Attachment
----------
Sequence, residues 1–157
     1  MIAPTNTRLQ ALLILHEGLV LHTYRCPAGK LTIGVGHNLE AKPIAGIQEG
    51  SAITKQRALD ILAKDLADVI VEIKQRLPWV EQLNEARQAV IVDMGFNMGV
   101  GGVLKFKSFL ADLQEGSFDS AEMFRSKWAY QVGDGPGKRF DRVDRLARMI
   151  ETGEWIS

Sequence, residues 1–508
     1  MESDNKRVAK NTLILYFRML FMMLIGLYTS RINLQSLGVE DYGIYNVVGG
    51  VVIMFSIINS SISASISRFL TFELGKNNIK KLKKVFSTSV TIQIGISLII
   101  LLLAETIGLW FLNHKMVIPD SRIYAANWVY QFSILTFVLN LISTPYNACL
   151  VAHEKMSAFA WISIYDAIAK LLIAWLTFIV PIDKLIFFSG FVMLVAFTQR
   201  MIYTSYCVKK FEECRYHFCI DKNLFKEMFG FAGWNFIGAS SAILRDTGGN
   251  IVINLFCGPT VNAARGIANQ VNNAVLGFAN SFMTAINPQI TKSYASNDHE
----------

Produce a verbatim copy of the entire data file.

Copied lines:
Sequence, residues 1–157
     1  MIAPTNTRLQ ALLILHEGLV LHTYRCPAGK LTIGVGHNLE AKPIAGIQEG
    51  SAITKQRALD ILAKDLADVI VEIKQRLPWV EQLNEARQAV IVDMGFNMGV
   101  GGVLKFKSFL ADLQEGSFDS AEMFRSKWAY QVGDGPGKRF DRVDRLARMI
   151  ETGEWIS

Sequence, residues 1–508
     1  MESDNKRVAK NTLILYFRML FMMLIGLYTS RINLQSLGVE DYGIYNVVGG
    51  VVIMFSIINS SISASISRFL TFELGKNNIK KLKKVFSTSV TIQIGISLII
   101  LLLAETIGLW FLNHKMVIPD SRIYAANWVY QFSILTFVLN LISTPYNACL
   151  VAHEKMSAFA WISIYDAIAK LLIAWLTFIV PIDKLIFFSG FVMLVAFTQR
   201  MIYTSYCVKK FEECRYHFCI DKNLFKEMFG FAGWNFIGAS SAILRDTGGN
   251  IVINLFCGPT VNAARGIANQ VNNAVLGFAN SFMTAINPQI TKSYASNDHE